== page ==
Lynch comments on family, riverfront development, filmmaking, and more in the magazine’s 20 Questions section here.
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Kelly Lynch, filmmaker, owner and chief creative dude at Lynchpin Creative, could be described as a train buff. After all, he’s heavily involved with the restoration and operation of Engine 765, the once and future attraction in downtown Fort Wayne. Future, if Lynch has anything to do with it. It’s the key to Lynch’s Headwaters Junction concept for the former OmniSource property. Find out what pushes his pistons as we play 20 Questions.
It’s not so much trains as what they’re capable of. Their capability to move and inspire. My grandfather worked for the New York Central (railroad) outside Chicago. He was in charge of all the steam locomotives. And one of my first memories was being on the 765 in pre-K or kindergarten. I wouldn’t know what it was like not to like trains. Why trains? Because planes are boring!
What do trains mean to you?
My love of 765 has given me my connection to Fort Wayne. It’s given me my appetite for history. There’s something incredible about forcing a 400-ton dinosaur to live again.
When you see that plot of undeveloped land at Fourth and Clinton, what do you see?
I see Headwaters Junction. People talk about how Fort Wayne has lost its swagger: Let’s bring the hustle and bustle back. This train brings people together. This is a place that’s cool to visit.
What do you dream about?
To me, dreams are free movies all night long. I dream of momentum.
What makes you happy?
To bring an idea to fruition or reality. To see the thousands of people come out to see the 765 come through town and to be a cog in a wheel that makes that engine run, it’s complete euphoria. And Golden Retriever puppies. They make me happy.
What makes you see red?
Anger is such an extreme emotion. I try to avoid extremes.
What do you fear?
Unfulfilled potential. Unrealized dreams. As an artist, you want to see what happens. With Headwaters Junction, I want to tell myself I gave it my all.
What do the words ‘big, bold and transformational’ mean to you?
What do they mean to me? I agree! [Laughs]. I’m making it really hard to do anything else (there).
As a filmmaker, when you have a creative idea, do you see in words or in pictures?
I see the pictures first, and then it’s my job to give words to it. My high school English teacher Mrs. White said I can squeeze words until they shout. Words are the bits of muscle that give connection to the (skeleton) of ideas.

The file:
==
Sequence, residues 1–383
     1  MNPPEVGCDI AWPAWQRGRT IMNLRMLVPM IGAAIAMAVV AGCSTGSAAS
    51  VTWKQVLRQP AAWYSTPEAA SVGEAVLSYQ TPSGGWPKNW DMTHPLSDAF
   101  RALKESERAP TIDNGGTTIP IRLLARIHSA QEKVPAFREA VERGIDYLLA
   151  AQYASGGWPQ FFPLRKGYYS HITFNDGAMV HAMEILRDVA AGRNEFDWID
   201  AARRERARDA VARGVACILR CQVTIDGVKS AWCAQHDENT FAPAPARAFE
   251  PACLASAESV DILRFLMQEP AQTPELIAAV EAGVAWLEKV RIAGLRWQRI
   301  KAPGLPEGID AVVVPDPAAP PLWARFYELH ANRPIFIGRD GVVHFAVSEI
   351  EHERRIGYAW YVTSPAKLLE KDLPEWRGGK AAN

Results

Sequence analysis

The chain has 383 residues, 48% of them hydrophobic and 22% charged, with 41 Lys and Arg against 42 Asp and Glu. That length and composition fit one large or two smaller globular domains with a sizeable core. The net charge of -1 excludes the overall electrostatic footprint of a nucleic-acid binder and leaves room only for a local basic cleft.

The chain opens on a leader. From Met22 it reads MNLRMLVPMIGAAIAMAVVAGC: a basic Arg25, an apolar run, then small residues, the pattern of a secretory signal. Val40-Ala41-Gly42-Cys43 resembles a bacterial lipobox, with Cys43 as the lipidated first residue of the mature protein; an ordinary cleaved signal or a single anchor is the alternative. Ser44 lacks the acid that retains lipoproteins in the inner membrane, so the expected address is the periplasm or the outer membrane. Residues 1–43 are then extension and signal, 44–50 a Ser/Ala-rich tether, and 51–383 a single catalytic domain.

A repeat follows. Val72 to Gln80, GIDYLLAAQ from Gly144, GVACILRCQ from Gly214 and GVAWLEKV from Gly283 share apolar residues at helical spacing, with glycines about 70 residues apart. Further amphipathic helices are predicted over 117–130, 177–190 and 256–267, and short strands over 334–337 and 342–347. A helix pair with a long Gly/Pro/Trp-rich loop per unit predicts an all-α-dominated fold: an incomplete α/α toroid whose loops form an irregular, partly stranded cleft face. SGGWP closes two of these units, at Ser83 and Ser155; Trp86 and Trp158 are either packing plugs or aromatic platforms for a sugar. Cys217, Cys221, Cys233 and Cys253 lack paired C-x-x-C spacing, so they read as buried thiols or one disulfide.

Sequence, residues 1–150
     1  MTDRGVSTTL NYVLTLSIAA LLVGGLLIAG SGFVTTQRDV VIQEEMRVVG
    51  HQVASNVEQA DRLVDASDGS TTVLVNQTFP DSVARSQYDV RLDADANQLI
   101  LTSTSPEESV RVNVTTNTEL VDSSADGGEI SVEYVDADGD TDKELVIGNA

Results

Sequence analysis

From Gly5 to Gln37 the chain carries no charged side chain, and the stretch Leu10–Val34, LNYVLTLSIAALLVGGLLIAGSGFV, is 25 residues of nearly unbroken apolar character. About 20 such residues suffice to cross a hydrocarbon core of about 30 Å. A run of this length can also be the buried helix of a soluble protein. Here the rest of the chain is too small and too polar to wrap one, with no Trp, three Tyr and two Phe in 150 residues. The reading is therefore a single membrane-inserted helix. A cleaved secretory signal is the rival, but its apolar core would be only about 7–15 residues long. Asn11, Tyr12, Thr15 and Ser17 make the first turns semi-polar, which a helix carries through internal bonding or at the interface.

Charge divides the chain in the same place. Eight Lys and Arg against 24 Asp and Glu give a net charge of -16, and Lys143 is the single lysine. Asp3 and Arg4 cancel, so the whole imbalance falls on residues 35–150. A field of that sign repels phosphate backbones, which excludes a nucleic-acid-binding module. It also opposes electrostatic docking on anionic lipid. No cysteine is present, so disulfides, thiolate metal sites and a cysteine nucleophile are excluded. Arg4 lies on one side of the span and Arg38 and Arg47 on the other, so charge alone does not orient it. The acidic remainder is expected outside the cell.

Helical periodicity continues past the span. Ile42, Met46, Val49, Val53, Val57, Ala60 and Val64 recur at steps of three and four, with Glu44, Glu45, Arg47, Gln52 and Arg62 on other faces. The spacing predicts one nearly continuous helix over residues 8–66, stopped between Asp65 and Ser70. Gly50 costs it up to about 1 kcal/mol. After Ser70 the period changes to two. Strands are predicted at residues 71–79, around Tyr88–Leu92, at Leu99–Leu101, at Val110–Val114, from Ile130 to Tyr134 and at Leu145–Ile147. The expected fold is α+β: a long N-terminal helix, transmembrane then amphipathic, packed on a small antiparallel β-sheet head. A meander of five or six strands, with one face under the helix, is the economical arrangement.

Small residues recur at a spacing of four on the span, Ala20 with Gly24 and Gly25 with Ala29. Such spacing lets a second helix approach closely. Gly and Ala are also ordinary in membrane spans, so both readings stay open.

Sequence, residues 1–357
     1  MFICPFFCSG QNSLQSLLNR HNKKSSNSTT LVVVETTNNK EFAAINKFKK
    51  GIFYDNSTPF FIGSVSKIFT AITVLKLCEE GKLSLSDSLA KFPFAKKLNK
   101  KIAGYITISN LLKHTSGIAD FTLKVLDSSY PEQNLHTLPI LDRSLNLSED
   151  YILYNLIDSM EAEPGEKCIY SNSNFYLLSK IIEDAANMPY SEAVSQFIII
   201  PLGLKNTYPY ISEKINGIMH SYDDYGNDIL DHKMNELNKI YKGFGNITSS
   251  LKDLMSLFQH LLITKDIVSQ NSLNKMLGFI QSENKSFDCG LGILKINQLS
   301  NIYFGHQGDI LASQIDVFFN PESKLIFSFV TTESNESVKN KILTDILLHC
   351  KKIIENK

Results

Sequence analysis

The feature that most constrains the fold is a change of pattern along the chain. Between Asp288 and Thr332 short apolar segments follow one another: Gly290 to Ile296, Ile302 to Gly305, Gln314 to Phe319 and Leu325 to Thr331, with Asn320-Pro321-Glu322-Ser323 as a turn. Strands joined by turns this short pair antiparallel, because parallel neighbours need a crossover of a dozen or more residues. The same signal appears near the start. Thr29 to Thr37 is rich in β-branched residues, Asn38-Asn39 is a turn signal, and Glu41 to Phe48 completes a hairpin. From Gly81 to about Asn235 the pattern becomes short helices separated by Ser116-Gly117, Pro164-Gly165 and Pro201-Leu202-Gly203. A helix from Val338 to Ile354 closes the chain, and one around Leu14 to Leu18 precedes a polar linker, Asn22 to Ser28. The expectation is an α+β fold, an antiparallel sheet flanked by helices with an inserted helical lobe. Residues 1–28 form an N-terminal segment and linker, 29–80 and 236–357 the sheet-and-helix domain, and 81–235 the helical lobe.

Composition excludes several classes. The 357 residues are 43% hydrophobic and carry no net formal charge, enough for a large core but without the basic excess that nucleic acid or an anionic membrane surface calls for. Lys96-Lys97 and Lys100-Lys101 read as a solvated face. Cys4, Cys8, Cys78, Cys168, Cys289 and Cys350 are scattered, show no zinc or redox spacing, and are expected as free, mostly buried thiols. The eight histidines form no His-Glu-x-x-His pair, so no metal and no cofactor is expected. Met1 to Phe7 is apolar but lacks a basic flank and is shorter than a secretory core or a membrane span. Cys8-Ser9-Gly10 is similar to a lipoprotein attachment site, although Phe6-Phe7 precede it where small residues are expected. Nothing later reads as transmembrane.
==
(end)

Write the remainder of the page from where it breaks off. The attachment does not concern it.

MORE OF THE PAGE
How would you spend the $75 million Legacy Fund?
I think the (current) investment strategy is smart. Obviously, I’d make the train (project) happen. And I’d save some of it. When you create the appetite for big, bold and transformational, it creates a hunger in the people for that.
What will success be for you?
I feel like I’m creating intangibles. Unless that excitement generates results, it’s just a lot of noise.
What’s your favorite Fort Wayne memory?
One of my favorite memories is when a family friend allowed my cousin Sam and I to take their pontoon out on the St. Joe river. It was a gorgeous summer night, there were cigars, and it was just ideal, all not too far from the IPFW campus. As we drifted back north on the river, we noticed we could see the bottom of the river and by the time we both realized what was happening, we came to a stop on a sandbar. Without needing to think I had my jeans off and was in the water pushing the boat back off the sandbar and I noticed my cousin’s cigar floating by me. In a brief panic he had jettisoned the cigar but I still had mine squarely in the corner of my mouth as I climbed into the water. No sense in letting it go to waste. If there was one of those iconic summer moments, on a Fort Wayne river no less, that was it. Being out there made us feel like we could take on the world, sandbars or not.
You’ve spoken about how much you love Fort Wayne. What’s your favorite Fort Wayne location?
I find myself drawn to South Calhoun and Main Street. When you work in images, you work in iconography, and those are the icons of the city. I find myself parking at Fourth and Clinton envisioning more than I care to admit!
Your dad is Dan Lynch, who was the editorial cartoonist for The Journal Gazette for many years prior to his stroke. What lessons have you learned from him?
I was 16 when my dad had his stroke. I knew then exactly what I had lost. My path and DNA (comes from) him. As an editorial cartoonist, you have to give a damn about your community. It’s his fault I had the idea. All those ingredients to my passion were imparted by him.
What do you get from your mom?
My mom was ceaseless in trying to help my dad recover. There’s nothing but admiration in that ceaselessness.
You produced the popular rap video “My City.“ What do you hope it achieves?
That it creates an appetite for more. It should make you want more. Anybody can help tell our story, and this community needs more good storytelling. I’d like to see more people incensed about the projects.
What appeals to you about film?
It’s a grand storytelling experience. People can see the same image, and that’s really powerful, getting people to share emotions.
What’s the hardest part of producing for you?
Logistics seems so unromantic. (The) Citizen Wayne (short films) are a good example. I held off on doing it for months. Being confident enough to know when and how to start. It is so intoxicating to sit and dream about it.
What’s the best part about producing?
The shared creative collaborative process. Having the best people and the best places. The act of creation bringing everyone together.
What does Fort Wayne have to offer a young, creative person like yourself?
I’d like to say it offers people like me elbow room. There’s potential everywhere. If this city can create this experience, maybe it’s a place where people like me can expand on (their own) experiences.